Not all of the individual SWNTs are as sensitive to oxygen exposure as that used for Fig. 3, A and B. The results of a similar experiment on a different nanotube (sample 8) (Fig. 3, C and D) show that over a substantial range in bias, N(E) appears flat and zero both before and after oxygen exposure. Apparently, sample 8, a modest band-gap semiconductor, is not as sensitive to oxygen dosing as the small band-gap SWNT depicted in Fig. 3, A and B. Because of this reduced sensitivity, one might ascribe an intrinsic gap of roughly 550 meV to sample 8. We have performed STS measurements on many other SWNTs in order to ensure the reproducibility of our findings and to define overall N(E) trends. We find that oxygen-induced changes inN(E) are independent of the position on the tube where the data are acquired. We also find that Ar, He, and N2 have no noticeable doping effects on theN(E) of SWNTs (provided that each gas source is sufficiently dry), which is in agreement with the transport measurements discussed above.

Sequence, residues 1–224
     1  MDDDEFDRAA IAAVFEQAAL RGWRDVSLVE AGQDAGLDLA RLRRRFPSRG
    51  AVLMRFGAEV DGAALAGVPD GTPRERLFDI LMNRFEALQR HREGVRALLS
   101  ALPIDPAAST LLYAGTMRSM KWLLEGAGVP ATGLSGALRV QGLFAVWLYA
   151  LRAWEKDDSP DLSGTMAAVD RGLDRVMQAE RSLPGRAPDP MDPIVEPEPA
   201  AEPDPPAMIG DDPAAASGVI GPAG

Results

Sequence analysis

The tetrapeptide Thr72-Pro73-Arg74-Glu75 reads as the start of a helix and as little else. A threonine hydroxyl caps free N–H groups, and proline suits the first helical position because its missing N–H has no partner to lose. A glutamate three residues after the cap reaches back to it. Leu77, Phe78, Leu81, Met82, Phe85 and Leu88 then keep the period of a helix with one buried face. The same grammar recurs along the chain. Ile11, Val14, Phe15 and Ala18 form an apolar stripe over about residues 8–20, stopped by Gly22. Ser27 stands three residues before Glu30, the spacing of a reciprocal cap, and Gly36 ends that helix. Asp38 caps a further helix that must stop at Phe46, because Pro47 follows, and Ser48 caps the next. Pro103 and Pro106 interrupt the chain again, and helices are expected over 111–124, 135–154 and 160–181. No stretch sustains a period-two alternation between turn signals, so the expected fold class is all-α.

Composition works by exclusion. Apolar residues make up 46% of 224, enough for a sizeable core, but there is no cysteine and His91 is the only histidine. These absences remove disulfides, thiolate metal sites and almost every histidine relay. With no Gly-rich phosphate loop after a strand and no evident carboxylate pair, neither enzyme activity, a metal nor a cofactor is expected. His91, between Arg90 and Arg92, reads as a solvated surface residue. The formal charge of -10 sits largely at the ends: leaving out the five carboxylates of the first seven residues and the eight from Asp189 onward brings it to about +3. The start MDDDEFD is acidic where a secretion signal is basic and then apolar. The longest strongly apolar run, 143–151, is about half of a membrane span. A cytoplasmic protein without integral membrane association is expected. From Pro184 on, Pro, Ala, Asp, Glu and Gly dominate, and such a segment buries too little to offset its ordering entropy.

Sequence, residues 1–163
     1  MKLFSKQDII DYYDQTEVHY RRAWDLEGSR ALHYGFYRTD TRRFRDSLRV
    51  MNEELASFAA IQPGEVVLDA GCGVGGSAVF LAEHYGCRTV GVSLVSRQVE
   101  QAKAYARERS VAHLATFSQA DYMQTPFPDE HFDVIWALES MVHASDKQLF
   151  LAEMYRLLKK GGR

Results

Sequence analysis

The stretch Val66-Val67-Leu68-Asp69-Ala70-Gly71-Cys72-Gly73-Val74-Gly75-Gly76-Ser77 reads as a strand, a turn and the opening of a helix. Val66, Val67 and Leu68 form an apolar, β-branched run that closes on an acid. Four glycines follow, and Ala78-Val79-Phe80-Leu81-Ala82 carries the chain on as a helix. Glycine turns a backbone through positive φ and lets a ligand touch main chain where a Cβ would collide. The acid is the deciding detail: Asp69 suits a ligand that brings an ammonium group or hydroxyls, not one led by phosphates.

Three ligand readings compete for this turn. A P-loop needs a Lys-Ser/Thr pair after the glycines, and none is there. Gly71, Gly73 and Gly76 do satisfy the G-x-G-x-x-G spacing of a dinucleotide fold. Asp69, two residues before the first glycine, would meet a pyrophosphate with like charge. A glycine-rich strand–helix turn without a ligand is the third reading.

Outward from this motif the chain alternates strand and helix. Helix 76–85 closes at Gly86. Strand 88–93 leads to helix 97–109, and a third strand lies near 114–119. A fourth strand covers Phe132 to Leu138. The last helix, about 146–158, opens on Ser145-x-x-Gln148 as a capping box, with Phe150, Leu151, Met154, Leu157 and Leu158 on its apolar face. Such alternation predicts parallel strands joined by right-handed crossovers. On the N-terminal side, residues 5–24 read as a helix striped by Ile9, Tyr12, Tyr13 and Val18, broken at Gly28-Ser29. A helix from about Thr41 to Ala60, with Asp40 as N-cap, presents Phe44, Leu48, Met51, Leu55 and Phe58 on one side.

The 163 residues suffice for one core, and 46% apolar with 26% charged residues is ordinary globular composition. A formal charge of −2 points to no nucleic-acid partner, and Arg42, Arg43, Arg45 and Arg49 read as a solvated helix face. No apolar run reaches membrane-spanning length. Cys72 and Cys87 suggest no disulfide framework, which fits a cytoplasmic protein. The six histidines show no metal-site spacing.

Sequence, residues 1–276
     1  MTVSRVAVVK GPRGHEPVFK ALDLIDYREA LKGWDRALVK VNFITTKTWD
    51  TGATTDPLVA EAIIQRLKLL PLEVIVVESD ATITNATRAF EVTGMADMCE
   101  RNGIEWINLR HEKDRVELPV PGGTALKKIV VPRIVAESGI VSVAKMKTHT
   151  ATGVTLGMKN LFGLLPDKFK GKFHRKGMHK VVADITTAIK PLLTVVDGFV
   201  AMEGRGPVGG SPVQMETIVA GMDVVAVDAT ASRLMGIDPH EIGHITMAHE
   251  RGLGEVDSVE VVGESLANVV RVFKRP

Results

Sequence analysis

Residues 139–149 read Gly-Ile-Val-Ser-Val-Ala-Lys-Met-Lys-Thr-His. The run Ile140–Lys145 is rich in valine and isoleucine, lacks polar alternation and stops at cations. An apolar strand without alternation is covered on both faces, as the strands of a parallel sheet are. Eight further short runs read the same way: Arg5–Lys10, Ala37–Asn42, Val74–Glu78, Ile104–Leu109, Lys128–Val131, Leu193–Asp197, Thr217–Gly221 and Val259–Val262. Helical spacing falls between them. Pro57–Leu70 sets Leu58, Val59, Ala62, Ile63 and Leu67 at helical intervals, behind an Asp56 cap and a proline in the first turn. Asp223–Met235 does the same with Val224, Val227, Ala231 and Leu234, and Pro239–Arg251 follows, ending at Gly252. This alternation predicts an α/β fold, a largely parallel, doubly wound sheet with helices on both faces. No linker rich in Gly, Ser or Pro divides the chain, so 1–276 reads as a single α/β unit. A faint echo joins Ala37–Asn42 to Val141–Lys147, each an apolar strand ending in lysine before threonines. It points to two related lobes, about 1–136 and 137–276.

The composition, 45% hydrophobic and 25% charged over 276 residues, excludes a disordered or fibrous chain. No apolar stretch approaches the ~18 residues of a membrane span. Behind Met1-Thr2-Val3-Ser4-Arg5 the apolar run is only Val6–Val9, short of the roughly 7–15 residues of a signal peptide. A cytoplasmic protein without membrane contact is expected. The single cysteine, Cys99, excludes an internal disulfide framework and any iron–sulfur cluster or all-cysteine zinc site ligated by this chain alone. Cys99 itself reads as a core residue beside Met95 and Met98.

Table 1 summarizes STS results for 17 independent SWNT samples, including the spectroscopically determinedN(E) after the initial inert gas bake-out and upon subsequent dry oxygen dosing, and gives the number of neighbors for a given nanotube. A single unambiguously isolated SWNT would have zero neighbors, whereas a nanotube that is clearly part of a large bundle or rope would have multiple neighbors. The small range of neighbor numbers for some samples reflects the general difficulty in unambiguously determining this number using STM imaging alone (similarly, because of finite tip radius, sample curvature, and electronic differences between sample and substrate, using STM imaging alone it is generally difficult to accurately determine the diameter of a given nanotube). Samples 1 through 7 in Table 1 form a natural grouping: these samples were metallic both before and after oxygen dosing. The next two samples, 8 and 9, started out as modest band-gap semiconductors and they remained so. The last group, samples 10 through 17, started out as small band-gap semiconductors and became metallic upon oxygen dosing. Both isolated tubes and tubes with neighbors can be found in this last category. An interesting and suggestive (but not conclusive) observation is that all of the “intrinsically” metallic nanotubes we observed (samples 1 through 7) had nanotube neighbors; we have been unable to find an isolated SWNT that remains metallic upon inert gas cleaning.

Table 1